Church Schools of the Future, a 39-page report produced by Dr Priscilla Chadwick, for the Church of England says that it intends to expand the number of Church schools by at least 200 (on top of the 4,800 it already has) and intensify the religious input into lessons. The Chadwick report calls for a new "concordat" between the Church and the government that will "reinforce and enhance" the Church's influence throughout the education system.
The Church says that schools "stand at the centre of its mission" and that they enable "more direct engagement with children and their families than any other contact including Sunday worship".
It says that schools "must include a wholehearted commitment to putting faith and spiritual development at the heart of the curriculum and ensuring that the Christian ethos permeates the whole educational experience."
The report says that "religious education and collective worship should continue to make major contributions to the Church school's Christian ethos to allow pupils to engage seriously with and develop an understanding of the person and teachings of Jesus Christ."
Church schools, it says, should enable pupils "to flourish in their potential as a child of God," which would be "a sign and expression of the Kingdom that is at the heart of the Church's distinctive mission."
The report makes clear that the Church intends to use its schools as a platform to evangelise throughout the community. In effect, it intends to make state schools into evangelical bases to promote the Church's message to people who would otherwise never choose to have anything to do with it. It says: "New approaches are needed to ensure that the Church's mission is more widely known through schools and is fully understood."
The report says that partnership between the school and the local church will be strengthened, with a new intention to train clergy to ensure they can make maximum impact in schools. There is also a call to ensure teachers and heads are on board with the Christian message.
Talking to the Times Educational Supplement today, the Bishop of Oxford, John Pritchard, who chairs the CofE national board of education, said: "We need to point to the roots of our values, that they lie in our Christian faith, and that the life, death and new life of Jesus Christ is a touchstone for us. We want to mandate schools to be much clearer on their Christian identity."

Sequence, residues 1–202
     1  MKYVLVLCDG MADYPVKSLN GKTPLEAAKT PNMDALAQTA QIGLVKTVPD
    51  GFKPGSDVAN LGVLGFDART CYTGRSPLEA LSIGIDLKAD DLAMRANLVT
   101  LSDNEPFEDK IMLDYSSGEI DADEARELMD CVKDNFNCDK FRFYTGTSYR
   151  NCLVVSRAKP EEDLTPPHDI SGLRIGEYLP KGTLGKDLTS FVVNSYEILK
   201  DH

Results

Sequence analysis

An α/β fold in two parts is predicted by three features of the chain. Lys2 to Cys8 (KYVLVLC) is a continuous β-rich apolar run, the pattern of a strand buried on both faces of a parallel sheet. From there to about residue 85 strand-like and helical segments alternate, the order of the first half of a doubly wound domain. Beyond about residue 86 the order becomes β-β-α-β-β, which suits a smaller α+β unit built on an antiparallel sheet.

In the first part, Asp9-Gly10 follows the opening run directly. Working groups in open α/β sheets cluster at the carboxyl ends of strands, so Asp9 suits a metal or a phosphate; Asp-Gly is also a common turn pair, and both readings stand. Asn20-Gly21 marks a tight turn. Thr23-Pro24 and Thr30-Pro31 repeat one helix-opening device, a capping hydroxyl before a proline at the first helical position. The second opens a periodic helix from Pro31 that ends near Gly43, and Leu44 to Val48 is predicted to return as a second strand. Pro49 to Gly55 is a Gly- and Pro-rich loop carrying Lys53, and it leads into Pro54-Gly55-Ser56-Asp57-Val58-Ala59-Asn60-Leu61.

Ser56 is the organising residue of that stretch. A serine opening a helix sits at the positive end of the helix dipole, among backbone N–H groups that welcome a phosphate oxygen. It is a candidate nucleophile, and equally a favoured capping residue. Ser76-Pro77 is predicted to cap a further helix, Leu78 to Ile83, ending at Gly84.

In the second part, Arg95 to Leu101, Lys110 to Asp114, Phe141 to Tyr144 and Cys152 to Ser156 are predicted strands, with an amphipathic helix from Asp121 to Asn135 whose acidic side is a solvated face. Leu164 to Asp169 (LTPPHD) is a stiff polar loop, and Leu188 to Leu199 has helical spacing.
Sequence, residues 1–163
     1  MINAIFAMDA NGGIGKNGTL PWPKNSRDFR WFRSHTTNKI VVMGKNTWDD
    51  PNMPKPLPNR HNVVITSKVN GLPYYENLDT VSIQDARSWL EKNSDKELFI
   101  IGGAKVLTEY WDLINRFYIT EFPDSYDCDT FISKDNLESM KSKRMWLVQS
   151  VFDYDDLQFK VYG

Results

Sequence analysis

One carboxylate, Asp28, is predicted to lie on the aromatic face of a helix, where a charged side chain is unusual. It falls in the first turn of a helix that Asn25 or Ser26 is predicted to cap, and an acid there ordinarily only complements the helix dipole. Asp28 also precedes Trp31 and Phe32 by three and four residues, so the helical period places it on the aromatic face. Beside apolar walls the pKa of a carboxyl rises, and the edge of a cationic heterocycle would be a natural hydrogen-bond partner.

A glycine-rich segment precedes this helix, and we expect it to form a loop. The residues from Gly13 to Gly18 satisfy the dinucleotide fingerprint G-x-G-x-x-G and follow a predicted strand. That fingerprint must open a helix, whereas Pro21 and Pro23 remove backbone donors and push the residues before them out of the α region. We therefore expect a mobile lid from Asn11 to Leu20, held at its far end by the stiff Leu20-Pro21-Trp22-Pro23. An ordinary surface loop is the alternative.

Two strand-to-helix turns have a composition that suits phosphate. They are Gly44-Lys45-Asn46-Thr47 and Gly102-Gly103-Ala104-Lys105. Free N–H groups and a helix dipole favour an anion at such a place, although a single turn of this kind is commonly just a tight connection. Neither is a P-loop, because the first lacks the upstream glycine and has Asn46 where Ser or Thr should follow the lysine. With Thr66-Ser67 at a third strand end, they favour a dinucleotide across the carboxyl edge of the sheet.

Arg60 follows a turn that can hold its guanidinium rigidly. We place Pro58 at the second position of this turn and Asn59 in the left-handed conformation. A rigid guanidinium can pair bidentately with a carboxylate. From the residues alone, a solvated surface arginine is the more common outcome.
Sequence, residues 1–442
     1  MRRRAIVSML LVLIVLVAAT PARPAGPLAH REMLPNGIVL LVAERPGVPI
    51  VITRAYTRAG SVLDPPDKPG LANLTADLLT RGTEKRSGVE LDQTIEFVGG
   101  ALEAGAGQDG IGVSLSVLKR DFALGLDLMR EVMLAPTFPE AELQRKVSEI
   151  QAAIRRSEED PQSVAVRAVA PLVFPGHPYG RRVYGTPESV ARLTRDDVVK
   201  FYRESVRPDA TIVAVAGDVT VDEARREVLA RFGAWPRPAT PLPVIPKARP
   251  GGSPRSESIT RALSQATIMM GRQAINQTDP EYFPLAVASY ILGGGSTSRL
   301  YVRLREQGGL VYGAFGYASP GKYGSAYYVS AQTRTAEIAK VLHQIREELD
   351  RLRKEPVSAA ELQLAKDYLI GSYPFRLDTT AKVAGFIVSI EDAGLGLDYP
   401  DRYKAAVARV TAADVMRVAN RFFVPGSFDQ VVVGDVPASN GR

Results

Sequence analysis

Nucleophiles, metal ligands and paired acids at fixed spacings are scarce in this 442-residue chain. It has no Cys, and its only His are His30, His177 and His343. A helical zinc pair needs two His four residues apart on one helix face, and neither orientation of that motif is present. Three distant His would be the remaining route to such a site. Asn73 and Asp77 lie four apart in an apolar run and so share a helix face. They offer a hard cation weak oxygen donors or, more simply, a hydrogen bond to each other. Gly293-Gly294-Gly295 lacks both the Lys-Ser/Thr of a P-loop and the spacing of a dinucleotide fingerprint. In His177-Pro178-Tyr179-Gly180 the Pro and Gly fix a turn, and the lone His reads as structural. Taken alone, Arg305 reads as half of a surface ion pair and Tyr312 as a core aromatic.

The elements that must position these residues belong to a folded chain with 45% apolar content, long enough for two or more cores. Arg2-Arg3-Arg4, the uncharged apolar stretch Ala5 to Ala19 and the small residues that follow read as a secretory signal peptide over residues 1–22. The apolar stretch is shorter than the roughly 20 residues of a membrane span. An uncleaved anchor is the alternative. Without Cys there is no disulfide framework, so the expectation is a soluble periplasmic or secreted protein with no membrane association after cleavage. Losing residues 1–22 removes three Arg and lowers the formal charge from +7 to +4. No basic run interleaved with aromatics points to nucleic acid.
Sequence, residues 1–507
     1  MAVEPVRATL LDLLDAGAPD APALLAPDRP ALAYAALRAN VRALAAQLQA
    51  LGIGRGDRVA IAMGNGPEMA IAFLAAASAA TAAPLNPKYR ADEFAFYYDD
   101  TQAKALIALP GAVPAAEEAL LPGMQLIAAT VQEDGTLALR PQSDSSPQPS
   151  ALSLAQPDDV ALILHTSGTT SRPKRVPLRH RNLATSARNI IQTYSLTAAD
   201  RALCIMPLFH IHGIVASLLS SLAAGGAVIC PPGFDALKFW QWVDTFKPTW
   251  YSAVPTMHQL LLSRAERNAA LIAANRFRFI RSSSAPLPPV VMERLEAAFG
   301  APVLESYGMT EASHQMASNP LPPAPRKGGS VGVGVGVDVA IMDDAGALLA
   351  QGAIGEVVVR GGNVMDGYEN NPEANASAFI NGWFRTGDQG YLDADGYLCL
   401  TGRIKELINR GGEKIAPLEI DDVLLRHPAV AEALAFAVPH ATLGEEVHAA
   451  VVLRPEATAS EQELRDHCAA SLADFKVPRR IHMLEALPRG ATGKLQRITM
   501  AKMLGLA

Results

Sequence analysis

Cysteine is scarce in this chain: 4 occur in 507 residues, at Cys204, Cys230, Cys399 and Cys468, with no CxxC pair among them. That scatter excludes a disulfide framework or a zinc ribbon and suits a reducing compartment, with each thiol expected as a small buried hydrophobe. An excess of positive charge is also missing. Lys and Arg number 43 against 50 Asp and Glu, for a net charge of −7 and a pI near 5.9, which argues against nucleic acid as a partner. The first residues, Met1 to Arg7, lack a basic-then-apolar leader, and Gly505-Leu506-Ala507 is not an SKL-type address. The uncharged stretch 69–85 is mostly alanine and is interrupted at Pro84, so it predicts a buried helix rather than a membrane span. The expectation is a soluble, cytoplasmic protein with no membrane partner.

But Revd Janina Ainsworth, the CofE's chief education officer, said there was "no contradiction" in promoting deeper study of Christianity even if schools took fewer religious children. She told the TES: "What we are particularly concerned about at the moment is the quality of teaching about Christianity. Every child is entitled to have that kind of profound engagement with Christianity and to learn more about Christianity than other religions because of its role in the history of the country."
Revd Ainsworth said that learning about Christianity would help children with their spiritual development and denied it was a way "to turn out good, church-going children".
But despite this attempt at reassurance, there is no doubt that the report reads like a threat rather than a promise. It seems to be far more about pushing church doctrine than about educating children. This is very much about producing the next generation of Anglicans by an increase in the volume of proselytising in schools where children are a captive audience.
And it is unlikely that they will be a willing audience. Church attendance by under 19 year olds has dropped by two thirds in the last 20 years. Christian Research predicts will fall by a further two thirds in the next 15 years. Little over 1% of the population attend an Anglican church on a normal Sunday - and they are ageing fast. These figures indicate that the Church of England should be having power taken away from it, rather than its demands for yet more power and privilege being acceded to.
Of course, this ambition to religionise a whole new generation fits very well with the ambitions of some members of the current government - notably Lady Warsi and the Communities Secretary Eric Pickles who have both recently spoken about putting Christianity at the centre of public life.
But is this a proper use of public money? Church of England schools are funded entirely by the taxpayer. The education budget is supposed to be about education, not religious indoctrination.
Schools are for teaching, not preaching. But if the Church of |England gets its way, the opposite will be the case.